‘The Gates of Hell’ Have Opened—Can Health Systems Help Close Them?
“Humanity has opened the gates to hell,” António Guterres told the Climate Ambition Summit Wednesday at the 78th UN General Assembly.
The Summit, hosted by the UN Secretary General, sought to accelerate action on climate change by governments, business, finance, local authorities, and civil society. In an unusual twist, only “first movers and doers” with tangible climate action plans and a high-level speaker were invited to participate. The U.S., China, and India were notably absent from the speakers lists.
Even with the world well behind schedule on current commitments on addressing climate change, Guterres called for developed countries to reach net-zero emissions by 2040—which would push forward current pledges by at least a decade.
Jarbas Barbosa, director of Pan American Health Organization spoke with GHN about how health systems, too, play an essential role in meeting upgraded climate goals—both as a major contributor to emissions and a first responder to climate-related disasters.
What does the impact of climate change look like at the health system level?
A child born in 2020 will experience on average twice as many wildfires, 2.8 times more exposure to crop failures, 2.6 times more droughts, 2.8 times more river flooding, and 6.8 times more heat waves over their lifetime compared to a person born in 1960.
In the PAHO region, in the Caribbean, some countries have had to rebuild their health facilities almost every three or four years (because of extreme weather events.)
In Central America, droughts are impacting the agricultural production, and that is increasing poverty. It is increasing food insecurity and fueling migration.
And nowadays many vectors of communicable diseases are circulating in almost every country in Latin America—and even countries that were relatively protected from them in the past. In Chile, they are now finding the Aedes aegypti mosquito—the vector for dengue, chikungunya, and Zika—in places that didn’t used to have it [due to high altitude].
The most vulnerable populations suffer most from extreme events related to climate change—and that also has huge socioeconomic impacts.
These health effects create massive strain on health systems. How can the health sector play a role in ramping up ambition on climate change?
We really need a strong global commitment to reduce carbon emissions, including with the health sector.
It's estimated that about 4% of global greenhouse gas emissions are produced by the health sector. This is an opportunity to improve the processes and reduce emissions from the health sector.
It’s also essential to develop the early warning systems for climate events so that health systems can quickly and adequately respond to and recover from them.
The vast majority of climate financing goes to mitigation—but funding for adaptation is extremely important for the health sector.
I am also hopeful that climate financing for health will increase so that countries will be able to implement adaptation activities.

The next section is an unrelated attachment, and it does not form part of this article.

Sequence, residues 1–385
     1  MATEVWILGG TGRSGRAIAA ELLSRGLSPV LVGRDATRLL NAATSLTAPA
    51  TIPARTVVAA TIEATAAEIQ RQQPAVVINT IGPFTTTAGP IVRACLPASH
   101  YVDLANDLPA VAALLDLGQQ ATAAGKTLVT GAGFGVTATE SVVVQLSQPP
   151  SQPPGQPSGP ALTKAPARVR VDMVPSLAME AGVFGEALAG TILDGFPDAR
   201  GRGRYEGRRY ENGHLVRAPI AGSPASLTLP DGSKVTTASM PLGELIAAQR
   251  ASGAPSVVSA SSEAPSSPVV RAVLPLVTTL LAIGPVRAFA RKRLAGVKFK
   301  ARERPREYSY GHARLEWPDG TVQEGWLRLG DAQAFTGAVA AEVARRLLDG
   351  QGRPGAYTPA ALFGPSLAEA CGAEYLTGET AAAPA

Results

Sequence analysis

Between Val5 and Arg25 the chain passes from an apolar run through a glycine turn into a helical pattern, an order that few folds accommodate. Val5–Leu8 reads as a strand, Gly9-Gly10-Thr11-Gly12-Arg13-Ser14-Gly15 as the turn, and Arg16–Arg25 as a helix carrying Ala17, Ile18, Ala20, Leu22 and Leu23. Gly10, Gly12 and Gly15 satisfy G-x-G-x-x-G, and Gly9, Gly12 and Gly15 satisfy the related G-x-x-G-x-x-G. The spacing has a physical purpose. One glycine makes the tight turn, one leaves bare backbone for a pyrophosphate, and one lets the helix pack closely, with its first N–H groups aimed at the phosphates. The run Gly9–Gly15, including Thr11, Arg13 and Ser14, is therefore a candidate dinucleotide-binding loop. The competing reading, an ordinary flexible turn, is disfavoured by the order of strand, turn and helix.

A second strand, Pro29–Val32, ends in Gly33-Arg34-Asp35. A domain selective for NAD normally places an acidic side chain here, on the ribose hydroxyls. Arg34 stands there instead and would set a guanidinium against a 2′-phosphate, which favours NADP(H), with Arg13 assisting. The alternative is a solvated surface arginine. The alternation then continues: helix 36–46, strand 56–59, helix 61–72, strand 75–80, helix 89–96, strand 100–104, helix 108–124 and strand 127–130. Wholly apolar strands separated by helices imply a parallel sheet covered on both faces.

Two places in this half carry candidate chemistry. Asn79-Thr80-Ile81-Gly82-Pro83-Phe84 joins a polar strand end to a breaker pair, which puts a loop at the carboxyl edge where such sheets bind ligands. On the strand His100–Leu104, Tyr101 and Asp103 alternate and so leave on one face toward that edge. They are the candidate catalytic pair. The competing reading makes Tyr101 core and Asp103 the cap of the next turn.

What are some examples of what climate ambition looks for health systems?
Many developing countries are raising very important issues related to how to combine climate change response with development and poverty reduction.
For PAHO countries in the Caribbean, the Smart Hospitals Initiative has helped build more resilient hospitals and health centers, and keep them functioning during hurricanes, for instance.
And within PAHO, we are launching a strategy to reduce the greenhouse gas emissions from all the organization's operations to contribute to the global fight against against climate change.
We hope this will encourage other countries to adopt similar programs—not only from ministries of health, but from the overall health sector—which can be a very important element of these more ambitious goals.
Several of the Sustainable Development Goals are related to climate change, and we are not on track to meet them. What’s stopping countries from meeting their goals?
Member states need to overcome all the political divisions and disputes about the causes and the effects of climate change.
It's a challenge because we have a lot of political debate. Things are progressing, but we need more consensus that this is really a global challenge that you need to address together with all the countries coming together to provide the efficient response to the challenge.
It’s important to get more support from the public, legislators, civil society, academic institutions, government, and international organizations to have the recognition of the link between climate change and health—because the health sector also needs to be part of the discussion and part of the solution.
You have an up-close view on how this issue is playing out among world leaders. What gives you hope?
Climate change fortunately has gained significant global attention. In the last 10 years, we’ve moved from a kind of skepticism about climate change to having more governments, people, and organizations recognizing the urgency of the situation. I am hopeful that the health sector also has a seat at the table in climate discussions at the international, regional, and national levels.
I take this as an indication that the health impacts are being recognized, and that the health and well being of populations is being linked to the economic growth of countries.
I'm optimistic because we have progressed. But I am also pessimistic because we don't have two or three decades to reach an agreement, to work together to improve the tools that we already have.
This interview has been edited for length and clarity.
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